Comedy for Equality: Harnessing the power of laughter for empowerment and peace

Photo: UN Women/Ryan Brown
“I believe in women having control over their own bodies, but I feel like my own body is getting a little out of control. I’m in my 30’s, and it feels like my body is a band. The older I get, different parts are pursuing solo careers,” joked Aparna Nancherla to a packed house of delegates, United Nations staff and civil society organizations at the event Comedy for Equality, held on 28 June on the sidelines of the High-level Conference on Counter-Terrorism in New York.

Nancherla, an American comedian best known for her work on Comedy Central’s “Corporate” and Netflix’s “The Standups”, joined others from the industry for a discussion on the role of comedy in promoting women’s empowerment and peaceful societies. “Comedy for Equality”, held as part of UN Women’s “Empowered Women, Peaceful Communities” programme funded by the Government of Japan, also showcased two comedy videos, produced in partnership with Mythos Labs.
"Brainwash", made by East India Comedy, is a satirical take on a typical beauty product advertisement, and "HI-SIS", by Indonesian comedians Cameo Project, parodies a violent extremist recruitment video. Both videos feature female comedians from South and Southeast Asia respectively and seek to challenge the gendered narratives used by violent extremist groups in the region.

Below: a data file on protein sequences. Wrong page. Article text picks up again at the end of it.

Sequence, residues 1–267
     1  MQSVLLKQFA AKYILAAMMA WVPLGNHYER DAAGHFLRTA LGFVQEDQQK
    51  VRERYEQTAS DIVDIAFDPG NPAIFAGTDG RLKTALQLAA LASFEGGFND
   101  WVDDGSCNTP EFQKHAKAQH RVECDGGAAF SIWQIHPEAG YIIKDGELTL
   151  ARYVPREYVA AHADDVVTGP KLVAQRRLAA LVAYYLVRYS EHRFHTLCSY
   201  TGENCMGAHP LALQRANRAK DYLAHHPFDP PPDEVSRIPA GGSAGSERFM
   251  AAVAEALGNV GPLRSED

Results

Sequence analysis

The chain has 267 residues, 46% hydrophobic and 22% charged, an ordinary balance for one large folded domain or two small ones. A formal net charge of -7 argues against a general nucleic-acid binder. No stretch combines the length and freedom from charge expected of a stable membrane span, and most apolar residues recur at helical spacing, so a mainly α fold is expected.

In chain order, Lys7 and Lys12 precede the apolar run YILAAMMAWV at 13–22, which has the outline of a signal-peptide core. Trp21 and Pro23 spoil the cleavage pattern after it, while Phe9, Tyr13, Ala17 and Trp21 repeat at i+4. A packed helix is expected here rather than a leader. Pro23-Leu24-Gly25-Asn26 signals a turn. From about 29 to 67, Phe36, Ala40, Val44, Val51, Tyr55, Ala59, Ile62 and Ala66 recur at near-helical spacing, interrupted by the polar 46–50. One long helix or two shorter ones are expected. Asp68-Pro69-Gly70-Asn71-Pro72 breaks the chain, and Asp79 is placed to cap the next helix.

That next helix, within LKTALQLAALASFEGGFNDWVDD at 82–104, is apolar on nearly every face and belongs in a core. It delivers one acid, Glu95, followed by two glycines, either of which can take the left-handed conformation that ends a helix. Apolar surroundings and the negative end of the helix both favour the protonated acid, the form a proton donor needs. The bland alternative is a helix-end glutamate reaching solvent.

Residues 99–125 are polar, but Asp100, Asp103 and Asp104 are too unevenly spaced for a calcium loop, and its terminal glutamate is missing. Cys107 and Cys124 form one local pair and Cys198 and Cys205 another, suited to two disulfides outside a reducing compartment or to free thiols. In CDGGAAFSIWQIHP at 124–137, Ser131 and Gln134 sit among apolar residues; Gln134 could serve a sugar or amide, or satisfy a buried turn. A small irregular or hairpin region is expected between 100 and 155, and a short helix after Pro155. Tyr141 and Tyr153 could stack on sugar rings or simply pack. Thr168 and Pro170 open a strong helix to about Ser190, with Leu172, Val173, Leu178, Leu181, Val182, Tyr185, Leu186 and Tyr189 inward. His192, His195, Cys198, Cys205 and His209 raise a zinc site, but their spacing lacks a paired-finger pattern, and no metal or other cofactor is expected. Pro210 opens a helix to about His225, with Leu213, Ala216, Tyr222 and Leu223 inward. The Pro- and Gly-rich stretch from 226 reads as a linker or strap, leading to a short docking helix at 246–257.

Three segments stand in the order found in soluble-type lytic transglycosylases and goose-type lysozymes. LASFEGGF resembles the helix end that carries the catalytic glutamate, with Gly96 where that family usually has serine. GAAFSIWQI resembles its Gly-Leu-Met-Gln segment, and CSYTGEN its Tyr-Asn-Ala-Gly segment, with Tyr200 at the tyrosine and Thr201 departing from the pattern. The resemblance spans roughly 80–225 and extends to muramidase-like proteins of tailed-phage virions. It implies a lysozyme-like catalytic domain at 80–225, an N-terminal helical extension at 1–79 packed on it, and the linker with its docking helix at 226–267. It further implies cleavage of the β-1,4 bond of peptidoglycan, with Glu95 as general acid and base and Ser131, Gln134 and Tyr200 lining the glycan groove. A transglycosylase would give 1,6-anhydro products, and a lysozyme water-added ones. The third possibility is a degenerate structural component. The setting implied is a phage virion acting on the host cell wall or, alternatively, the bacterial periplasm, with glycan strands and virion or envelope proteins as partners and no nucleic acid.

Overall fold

“While this work was originally piloted to counter extremist ideology in the online space, the implications go far beyond this realm,” explained Alison Davidian, Programme Specialist for UN Women’s Regional Office for Asia and the Pacific. “Comedy can and is being used to promote broader themes of women’s empowerment and gender equality, by not just making us laugh, but through challenging stereotypes with a broad and engaged audience. Much of comedy deals with the absurd and sexism at its heart is absurd. Comedy when it’s done well can be a delivery system for this truth.”
Panelist Natasha Vaynblat, a New York City-based comedian, echoed the sentiment that comedy can be a way to engage with gender social norms. Her Instagram account @natashawearsclothes pokes fun at the exclusivity and elitism of the fashion world and the pressures it places on women. “We all have style, and we all should feel confident in the choices we make and also make fun of those choices.”

UN Women’s work in Bangladesh has taken this concept to the community level, with the pilot project ‘Amar Shokti’ (meaning “My Power” in Bengali), which empowers rural women to engage with their communities on addressing harmful social norms by producing and sharing short videos. The videos address issues ranging from child marriage to domestic abuse. “By helping young women recognize and embrace the fact that they are already strong, powerful individuals, the ‘Amar Shokti’ campaign made participants less vulnerable to extremists’ empty promises of empowerment.”, Priyank Mathur, CEO and Founder of Mythos Labs, explained.
From the community level to the international stage, comedy can and has been a platform to challenge gender stereotypes and extremist ideologies, and to promote simple and powerful truths – that women and men are equal, that empowered women contribute to peaceful communities, and that our societies are stronger for it.